It should be appreciated, however, that the use of TECs is not without problems. For example, in order to provide uniform temperature control across a heat source component in contact with a single TEC and to ensure TEC reliability, a substantially uniform and constant compressive force should be maintained across the interface between the heat source component and the TEC and the heat absorbing component and the TEC. However, the use of fasteners and clips in the prior art has often resulted in nonuniform and/or varying compressive forces being applied, such as throughout a range of operating temperatures. For example, Bellcore sets forth performance criteria for systems utilized in the telecommunications industry requiring such systems to perform reliably throughout a wide range of operating temperatures, such as from −40° C. to +125° C., in which simple fastening systems of the prior art used with respect to heat source components comprising more than a single component or relatively small multiple component configuration will experience nonuniform and/or widely varying compressive forces.

Moreover, fasteners and clips utilized in the past are a source of heat leaking between the TEC cold surface and the TEC hot surface. Specifically, when conventional methods are utilized in providing clamping force to the TEC stack-up, a heat path is created from the hot side of the TEC to the cold side of the TEC resulting in a thermal loop. This thermal loop impinges on the TEC's efficiency, thus reducing its usefulness in providing automatic temperature control with respect to the heat source component and/or heat absorbing component.

It should be appreciated that TECs are generally not structural elements. Specifically, although providing good compression characteristics, TECs generally are relatively weak with respect to tension or shear forces. Although such structural attributes are often acceptable when heat source and/or heat absorbing components exhibit a relatively small footprint, heat source and/or heat absorbing components having a relatively large foot print can result in excessive tension and/or shear forces being applied to a corresponding TEC of a TEC stack-up. For example, a relatively small TEC may be coupled to a heat source component having a relatively large footprint, such as an incoherently beam combined (IBC) LASER system, to provide cooling with respect to a localized source of heat. Accordingly, the heat source component may extend appreciably beyond the corresponding surface of the TEC, thereby resulting in tension and/or shear forces being exerted upon the TEC if a proper mounting configuration is not adopted and/or if uniform one predicted comparison is not maintained.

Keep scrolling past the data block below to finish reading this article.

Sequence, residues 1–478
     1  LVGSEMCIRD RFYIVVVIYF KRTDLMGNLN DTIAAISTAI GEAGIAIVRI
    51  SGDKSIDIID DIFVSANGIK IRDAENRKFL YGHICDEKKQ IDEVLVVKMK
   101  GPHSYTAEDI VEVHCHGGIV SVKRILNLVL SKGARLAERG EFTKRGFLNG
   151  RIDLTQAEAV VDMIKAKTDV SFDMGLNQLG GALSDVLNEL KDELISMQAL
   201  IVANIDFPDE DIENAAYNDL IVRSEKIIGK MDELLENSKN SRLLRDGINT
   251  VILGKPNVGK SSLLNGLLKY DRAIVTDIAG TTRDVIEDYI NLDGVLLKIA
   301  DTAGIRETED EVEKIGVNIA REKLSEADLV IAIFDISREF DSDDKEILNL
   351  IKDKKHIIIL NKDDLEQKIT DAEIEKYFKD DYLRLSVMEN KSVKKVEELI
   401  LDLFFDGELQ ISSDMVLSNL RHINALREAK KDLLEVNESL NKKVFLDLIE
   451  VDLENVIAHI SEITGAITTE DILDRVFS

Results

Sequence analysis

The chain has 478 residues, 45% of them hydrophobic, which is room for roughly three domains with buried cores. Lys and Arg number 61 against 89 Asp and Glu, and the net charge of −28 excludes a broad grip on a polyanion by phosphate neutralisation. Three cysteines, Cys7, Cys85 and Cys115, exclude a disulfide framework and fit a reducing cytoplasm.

Moreover, the aforementioned performance criteria set forth by Bellcore with respect to systems utilized in the telecommunications industry may require such systems to perform reliably when exposed to dynamic forces, such as those of a physical shock and/or vibration. However, the center of gravity of the above described relatively large footprint heat source component may not correspond with the center of the TEC, further resulting in tension and/or shear forces when exposed to dynamic forces.

Accordingly, a need exists in the art for systems and methods which provide mounting structures for use with TEC stack-up configurations which provide substantially uniform and constant compression between the strata thereof, such as throughout a relatively wide range of operating temperatures. A further need exists in the art for such systems and methods to minimize heat leak such that a thermal loop is substantially minimized.

A still further need in the art exists for systems and methods which provide mounting structures for use with TEC stack-up configurations which provides a stable structural element adapted to withstand expected dynamic forces, such as those associated with a predicted level of physical shock and/or vibration. A further need exists in the art for such systems and methods to accommodate a relatively large disparity in footprint sizes of the strata thereof.

BRIEF SUMMARY OF THE INVENTION

The present invention is directed to systems and methods which utilize mounting members adapted to provide consistent and/or predictable interfacing forces with respect to strata of a laminated structure, such as the heat source, TEC, and heat absorbing layers of a TEC stack-up, throughout a range of operating temperatures. Preferably, mounting members of the present invention are adapted to provide uniform compressive pressure across a surface area, particularly the Peltier elements of a TEC, to thereby provide a sound structure which is relatively resistant to dynamic forces and environmental variations. Preferred embodiment mounting members are adapted to minimize the transfer of thermal energy therethrough, such as to substantially minimize heat leak in a TEC stack-up configuration.